• Allegedly Free Game: Parodied. With the right upgrades, you'll unlock the "Premium Content" button, which claims to let you purchase (with real life money) extra content for the game. However, upgrading the Premium Content page makes said content cheaper and cheaper, until you can finally get it for free. Turns out the "Premium Content" was just a picture of a sheep, with commentary talking about said sheep.
  • Beam Spam:
    • The Smart Bomb weapon.
    • Also, if you amass enough lasers, you can easily do this.
  • Call Back: In the first game, you can "borrow" some money to start playing, like a due. In the second game, the game remembers this due, and shows you just how much of a due this really is.
  • Damage-Sponge Boss: The final (and only) boss of the game does nothing but very slowly move forward...and have a lot of hit points.
  • Deliberately Monochrome: "Indie Mode"
  • Frickin' Laser Beams: Averted by the lasers, which are instant-hitscans that aim at your mouse.
  • Hey, It's That Voice!: Egoraptor, is that you?
  • Jerkass: The upgrade window will insult you regularly. You'll have to purchase upgrades to make it less surly.
  • Jitter Cam: One of the many upgrades, causing the screen to shake whenever a ship explodes or the player fires off a smart bomb. The fully upgraded Jitter Cam will sometimes shake violently for no reason (like at the end of a wave.)
  • Large Ham: The male pilot, after you completely upgrade his voice acting.
  • Loads and Loads of Loading: Of course, you can always decrease the loading times. Three guesses as to how you accomplish that.
  • Logo Joke: Upgrading the logo is essentially a history of Armor Games logos.
  • Most Annoying Sound: Invoked. The upgrade shop has an annoying humming noise. You can make it go away... by purchasing an upgrade, of course.
  • No Plot? No Problem!: Lampshaded by your pilot (with a full voice acting upgrade) on occasion when you clear a wave.
    "Take that, evil space aliens...or whoever you are!"
  • Pińata Enemy: The Final Boss drops LOADS of money whenever you hit it- just whacking it quite a few times is enough to give you enough money to buy ALL the upgrades in the game (including all the grid squares).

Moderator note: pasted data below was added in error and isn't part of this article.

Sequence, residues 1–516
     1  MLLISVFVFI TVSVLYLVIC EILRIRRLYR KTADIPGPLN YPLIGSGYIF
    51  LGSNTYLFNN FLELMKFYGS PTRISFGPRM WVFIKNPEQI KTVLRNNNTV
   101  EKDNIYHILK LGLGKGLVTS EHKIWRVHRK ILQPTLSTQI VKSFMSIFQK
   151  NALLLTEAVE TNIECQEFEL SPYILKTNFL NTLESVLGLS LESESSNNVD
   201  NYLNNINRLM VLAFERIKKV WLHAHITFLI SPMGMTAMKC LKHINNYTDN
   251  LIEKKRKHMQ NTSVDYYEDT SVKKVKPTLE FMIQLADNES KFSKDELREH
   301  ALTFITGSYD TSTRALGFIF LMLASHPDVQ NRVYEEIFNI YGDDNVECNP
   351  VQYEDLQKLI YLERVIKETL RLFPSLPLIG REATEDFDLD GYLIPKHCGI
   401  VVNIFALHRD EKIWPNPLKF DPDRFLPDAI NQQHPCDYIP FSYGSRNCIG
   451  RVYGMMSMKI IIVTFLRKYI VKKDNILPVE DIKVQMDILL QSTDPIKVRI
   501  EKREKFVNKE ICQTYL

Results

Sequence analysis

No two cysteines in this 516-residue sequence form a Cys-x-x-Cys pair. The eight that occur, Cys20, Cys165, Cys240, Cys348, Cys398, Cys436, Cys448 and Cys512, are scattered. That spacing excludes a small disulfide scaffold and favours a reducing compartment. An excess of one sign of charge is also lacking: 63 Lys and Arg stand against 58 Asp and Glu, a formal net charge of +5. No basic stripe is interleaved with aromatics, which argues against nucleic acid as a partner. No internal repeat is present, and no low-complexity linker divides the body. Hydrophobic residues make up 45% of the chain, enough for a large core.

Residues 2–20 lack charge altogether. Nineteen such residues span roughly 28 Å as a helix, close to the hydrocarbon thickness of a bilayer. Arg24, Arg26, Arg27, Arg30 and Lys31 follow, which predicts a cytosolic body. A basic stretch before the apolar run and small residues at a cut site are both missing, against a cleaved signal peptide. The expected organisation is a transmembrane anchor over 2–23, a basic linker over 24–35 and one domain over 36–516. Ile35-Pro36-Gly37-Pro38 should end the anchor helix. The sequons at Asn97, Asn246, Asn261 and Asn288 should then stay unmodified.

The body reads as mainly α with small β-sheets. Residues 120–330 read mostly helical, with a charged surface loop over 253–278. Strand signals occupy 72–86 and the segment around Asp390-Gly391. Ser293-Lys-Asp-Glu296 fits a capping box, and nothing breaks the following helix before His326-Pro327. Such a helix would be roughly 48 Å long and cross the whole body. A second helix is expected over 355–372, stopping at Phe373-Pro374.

• Screamer Prank: If you upgrade your heart rate.
  • Shmuck Bait: The heart rate upgrade.
  • Shout-Out: The fully upgraded avatars both look like Pokémon. The male looks like a Poliwhirl while the female looks like a Pikachu.
  • Small Name, Big Ego: The first-level credits page has the creator taking credit for everything in the game. Upgrading it further adds more names to the credits, until it's finally a complete credits list.
  • Speaking Simlish: First-level voice acting is just incomprehensible muffled talking.
  • True Art Is Angsty/True Art Is Incomprehensible: invoked Parodied. "Indie Mode" makes the game Deliberately Monochrome and changes the soundtrack to something more melancholy, while displaying a series of messages on the screen portraying a conversation between two people (also being a reference to Final Fantasy VIII's opening, with the first few lines), one spouting off nonsensical, artsy one-liners, and the other getting more and more creeped out by the former until he threatens to call the cops.


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TyrianShoot 'em UpXeno Fighters
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alternative title(s): Upgrade Complete